And probably more than once you'll hear the tale of the notorious con man Jefferson "Soapy" Smith and how he met his end in a gunfight on a Skagway street. You can find his name, along with many others from the '98 (that's 1898) era, on tombstones in the Gold Rush Cemetery at the far end of town. The site is a bit overgrown and a few of the stones starting to crumble — but that just adds to the old-time atmosphere.

A can't-miss-it sight is the Arctic Brotherhood Hall on Broadway, whose exterior is faced with driftwood, supposedly more than 10,000 pieces of it. (I didn't take time to count!) It's a one-of-a-kind photo-op location. The two-story building houses the Skagway City Museum, which includes photos, documents and Gold Rush relics.

As you stroll through town, be sure to look up occasionally at the second floor. Here and there you'll spot a red light glowing or a mannequin dressed as a "painted lady" perched in a window — further indication that the town really is proud of even the less savory parts of its colorful past.

An entertaining way to get your history lesson is the rollicking "Days of '98" show at the Fraternal Order of Eagles hall, complete with music and chorus girls. The evening show includes mock gambling games.

Some visitors like to soak up their history at saloons like the Mascot and the Red Onion, which is known for its honky-tonk piano music. There's also southeast Alaska's first microbrewery, the Skagway Brewing Co., housed in the Golden North Hotel, a gold-domed Victorian that dates back to 1898. Furnished with antiques, the hotel is still operating and is even reputed to have a resident ghost.

Perhaps my favorite attraction here is the White Pass & Yukon Route narrow-gauge railroad, which takes tourists up the steep and winding canyon behind the town.

It was built in 1898-1900 to carry the gold-seekers through some of the most treacherous terrain on their way to the Yukon. Prior to the railroad, the prospectors climbed the Chilkoot Pass on foot, some with pack mules or horses, thousands of others carrying their gear on their own backs.

The scenery is spectacular as the little train chugs past tumbling waterfalls and delicate mountain flowers, over lacy-looking trestles, around tight curves and along the very edge of sheer granite cliffs. It climbs from sea level to 2,865 feet. Even in June, there was snow on the ground.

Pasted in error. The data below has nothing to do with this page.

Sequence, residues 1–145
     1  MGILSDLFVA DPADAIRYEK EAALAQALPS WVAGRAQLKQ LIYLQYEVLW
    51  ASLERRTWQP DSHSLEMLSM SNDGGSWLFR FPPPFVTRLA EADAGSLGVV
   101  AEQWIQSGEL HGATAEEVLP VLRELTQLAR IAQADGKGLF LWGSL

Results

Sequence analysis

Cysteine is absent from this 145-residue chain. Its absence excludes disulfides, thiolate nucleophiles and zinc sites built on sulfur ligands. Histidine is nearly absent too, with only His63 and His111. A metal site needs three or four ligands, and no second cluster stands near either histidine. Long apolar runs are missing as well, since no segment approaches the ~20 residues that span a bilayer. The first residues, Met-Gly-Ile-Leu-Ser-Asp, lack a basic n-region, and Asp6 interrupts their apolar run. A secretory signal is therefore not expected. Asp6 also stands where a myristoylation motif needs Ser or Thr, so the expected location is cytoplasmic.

The windows are wide and clear, but passengers also are permitted to stand on the platforms at the ends of each car to shoot photos or just take in the clean air and glorious views.

Travelers' tip: When you board the train, try to take a seat on the left-hand side as that is where the best views are. But if all those seats are filled, don't despair. Once the train reaches the summit there will be a short rest period while the engines are moved to the other end — and passengers are instructed to flip the seat backs to face the opposite direction AND trade places with those across the aisle from them.

A variety of narrated train excursions is now offered, including one in which you ride the train up, then bicycle or take a van back down from the summit. I chose the round-trip train ride, which took about three hours and included complimentary sodas and a colorful brochure. Booked through my cruise ship, Celebrity Cruises' Galaxy, the train ride cost $89 per person.

Adventurous hikers desirous of experiencing the route of the prospectors can tackle the rugged Chilkoot Trail, 33 miles up to Lake Bennett in the Yukon. The three- to six-day trip retraces the actual route taken by the gold-seekers.

The trail is part of the Klondike Gold Rush National Historical Park, and hikers must register with the park service before setting out. You can also pick up maps and information about the Canadian border crossing. Guidebooks caution that Canada charges hikers a fee, while the U.S. side only charges for advance reservations. They also caution that this hike is only for experienced and properly outfitted hikers.